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  • John Hearne

Which are the most disgusting children’s books?

Roll out the snot, the filth and the fart jokes. If there’s one thing kids love almost as much as being terrified, it’s being grossed out.

Why is that?

Part of the reason, I think, is that children have a much better relationship with things like mud, worms and creepy crawlies than grown-ups do. When you’re a child, these things are exotic, they’re fascinating. Does anyone remember the thrill of finding a rock embedded in the ground, and the delightful anticipation of lifting it up to see what’s going to scuttle out? It’s only as we grow older that we develop a taste for clean clothes and hygiene, and fall out of love with the squirmy and slimy.

I think too that kids enjoy grown ups’ horror of these things. What’s more fun that chasing your aunt around with a fistful of earth-worms? I know one publisher who never warmed to the fashion for gross-out children’s literature and has a strict no-snot policy.

Roald Dahl was perhaps one of the first writers to figure just how much fun there was in this kind of thing. He always ensured that there was an unhealthy dollop of gross in all of his books.

In Fantastic Mr. Fox, the three villains, Farmers Boggis, Bunce and Bean, are not exactly an advertisement for the agricultural sector. Bean is the smart one, but it’s Bunce you really need to avoid. He survives on donuts and goose-livers, and eats them in a very singular way. The livers are mashed into a paste and then stuffed into the donuts. Yum.

Farmer Bean never took a bath. ‘He never even washed. As a result, his earholes were clogged with all kinds of muck and wax and bits of chewing gum and dead flies and stuff like that.’

But disgust probably reached its apotheosis in the venerable Mr. and Mrs. Twit. These days, you get very few books where the protagonist is not of an age with the reader of the book, but Roald Dahl always did what he liked when it came to spinning a tale. He also disliked beards intensely, which is part of the inspiration behind the story.

Mr. and Mrs. Twit embark on an arms-race of disgust, each one trying to outdo the other in the gross-out stakes.

In response to Mr. Twit putting a frog in her bed, Mrs. Twit resolves to feed her husband worms:

“At one o’clock she cooked spaghetti for lunch and mixed the worms in with the spaghetti, but only on her husband’s plate. The worms didn’t show because everything was covered in tomato sauce and sprinkled with cheese.

‘Hey, my spaghetti’s moving!’ cried Mr. Twit, poking it around with his fork.

‘It’s a new kind!’ Mrs. Twit said.”

Only when he’s eaten it all up does she reveal what she did, since there’s no value in feeding worms to your enemy if he doesn’t know he’s eaten worms. Right?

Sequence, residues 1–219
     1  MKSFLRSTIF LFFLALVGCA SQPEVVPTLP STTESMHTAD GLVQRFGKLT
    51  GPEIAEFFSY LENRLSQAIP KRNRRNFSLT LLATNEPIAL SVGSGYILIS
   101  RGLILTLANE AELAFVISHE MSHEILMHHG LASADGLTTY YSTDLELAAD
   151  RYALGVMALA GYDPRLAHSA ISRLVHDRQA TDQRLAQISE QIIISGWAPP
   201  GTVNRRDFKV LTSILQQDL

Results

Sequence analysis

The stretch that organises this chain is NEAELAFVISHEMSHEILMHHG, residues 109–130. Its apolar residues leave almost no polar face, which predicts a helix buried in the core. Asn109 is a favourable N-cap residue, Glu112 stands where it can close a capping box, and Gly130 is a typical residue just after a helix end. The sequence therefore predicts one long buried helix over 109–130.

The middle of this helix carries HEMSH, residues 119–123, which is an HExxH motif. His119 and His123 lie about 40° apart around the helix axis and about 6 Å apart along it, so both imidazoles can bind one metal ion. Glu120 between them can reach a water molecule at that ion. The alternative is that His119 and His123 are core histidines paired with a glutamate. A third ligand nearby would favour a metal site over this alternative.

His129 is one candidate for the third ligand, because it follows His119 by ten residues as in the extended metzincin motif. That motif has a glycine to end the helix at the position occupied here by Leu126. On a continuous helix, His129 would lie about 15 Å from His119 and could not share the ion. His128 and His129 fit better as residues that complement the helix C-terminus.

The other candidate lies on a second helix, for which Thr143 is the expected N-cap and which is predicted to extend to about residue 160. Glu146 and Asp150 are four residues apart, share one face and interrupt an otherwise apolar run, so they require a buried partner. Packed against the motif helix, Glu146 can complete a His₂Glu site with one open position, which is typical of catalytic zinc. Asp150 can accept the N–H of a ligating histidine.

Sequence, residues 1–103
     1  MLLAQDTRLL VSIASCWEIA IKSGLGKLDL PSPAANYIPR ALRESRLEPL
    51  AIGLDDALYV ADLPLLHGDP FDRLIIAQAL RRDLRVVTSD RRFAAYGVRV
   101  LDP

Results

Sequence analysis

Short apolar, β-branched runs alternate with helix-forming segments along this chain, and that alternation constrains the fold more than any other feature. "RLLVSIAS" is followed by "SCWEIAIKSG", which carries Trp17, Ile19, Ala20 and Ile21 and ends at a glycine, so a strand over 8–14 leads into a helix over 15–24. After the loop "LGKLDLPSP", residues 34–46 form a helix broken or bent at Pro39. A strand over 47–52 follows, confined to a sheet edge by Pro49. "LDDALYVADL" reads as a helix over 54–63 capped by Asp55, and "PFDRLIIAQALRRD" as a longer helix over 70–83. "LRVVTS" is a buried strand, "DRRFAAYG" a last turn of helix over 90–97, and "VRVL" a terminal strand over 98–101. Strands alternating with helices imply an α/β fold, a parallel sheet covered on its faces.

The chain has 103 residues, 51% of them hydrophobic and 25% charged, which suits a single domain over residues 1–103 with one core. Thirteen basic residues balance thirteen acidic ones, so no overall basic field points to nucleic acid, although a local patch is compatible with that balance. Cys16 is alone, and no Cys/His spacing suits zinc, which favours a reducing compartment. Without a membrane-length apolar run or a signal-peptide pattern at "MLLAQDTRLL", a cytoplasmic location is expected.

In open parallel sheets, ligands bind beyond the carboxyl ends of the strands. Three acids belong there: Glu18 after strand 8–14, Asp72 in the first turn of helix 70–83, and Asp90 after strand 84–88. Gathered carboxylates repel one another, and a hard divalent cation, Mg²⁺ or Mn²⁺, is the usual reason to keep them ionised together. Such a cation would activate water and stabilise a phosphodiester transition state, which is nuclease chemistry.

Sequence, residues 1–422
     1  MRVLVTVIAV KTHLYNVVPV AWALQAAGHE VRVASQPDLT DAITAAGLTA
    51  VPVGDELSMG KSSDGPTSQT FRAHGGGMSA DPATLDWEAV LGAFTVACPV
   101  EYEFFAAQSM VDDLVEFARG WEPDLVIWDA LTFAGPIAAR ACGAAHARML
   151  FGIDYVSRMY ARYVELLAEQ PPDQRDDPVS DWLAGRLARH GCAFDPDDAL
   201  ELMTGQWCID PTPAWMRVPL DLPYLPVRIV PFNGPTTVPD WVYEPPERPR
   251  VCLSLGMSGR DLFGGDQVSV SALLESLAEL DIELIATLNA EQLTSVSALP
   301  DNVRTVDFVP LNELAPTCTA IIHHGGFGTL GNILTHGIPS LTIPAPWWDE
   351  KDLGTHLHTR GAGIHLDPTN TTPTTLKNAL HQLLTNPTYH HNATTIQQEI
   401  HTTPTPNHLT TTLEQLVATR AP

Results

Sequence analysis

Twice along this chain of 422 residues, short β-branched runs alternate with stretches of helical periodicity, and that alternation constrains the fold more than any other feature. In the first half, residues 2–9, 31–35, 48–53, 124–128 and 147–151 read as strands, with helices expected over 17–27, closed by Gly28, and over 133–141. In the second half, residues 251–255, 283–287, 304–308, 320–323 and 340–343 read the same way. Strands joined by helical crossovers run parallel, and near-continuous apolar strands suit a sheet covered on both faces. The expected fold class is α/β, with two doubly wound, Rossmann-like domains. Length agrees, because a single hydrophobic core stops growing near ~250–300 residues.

Andy Stanton’s wonderful Mr. Gum is a kind of spiritual successor to Mr. Twit, with a Twit-esque beard and a collection of habits which render him easily as dislikeable as Twit. We’re introduced to the eponymous anti-hero and his house in You’re a bad man, Mr. Gum.

‘The rooms were filled with junk and pizza boxes. Empty milk bottles lay like soldiers in a war against milk and there were old newspapers from years and years ago with headlines like VIKINGS INVADE BRITAIN and WORLD’S FIRST NEWSPAPER INVENTED TODAY. Insects lived in the kitchen cupboards, not just small insects but great big ones with faces and names and jobs…The wardrobe contained so much mould and cheese that there was hardly any room for his moth-eaten clothes..’

Stanton blends fun and disgust wonderfully, and with genuine originality too. These books are as wild and free as any you’ll read. My kids loved them, and will still shout ‘The truth is a lemon meringue!’ the catchphrase of another Mr. Gum character, Friday O’Leary.

Disgust is particularly potent when it’s mixed with terror, something which David Walliams manages really well in Demon Dentist. In the town to which the eponymous villain has come to live, the children – like children everywhere – put their fallen teeth under their pillows at night.

‘In the morning, they would wake to find something unspeakable under there. A dead slug. A live spider. Hundreds and hundreds of earwigs creeping and crawling under their pillow. Or worse. Much worse.’

Fear and disgust are also effectively combined in the Lemony Snicket’s A Series of Unfortunate Events. In the first book, we are introduced not alone to the horrible Count Olaf, but also to his disgusting house: ‘Even by the dim light of the one bare lightbulb that hung from the ceiling, the three children could see that everything in this room was filthy, from the stuffed head of a lion which was nailed to the wall to the bowl of apples cores which sat on a small wooden table.’

As the demonic Olaf chases them through all thirteen books in the series, the children are frequently confronted by the loathsome as well as the terrifying.

Never underestimate the value in making your reader wince.

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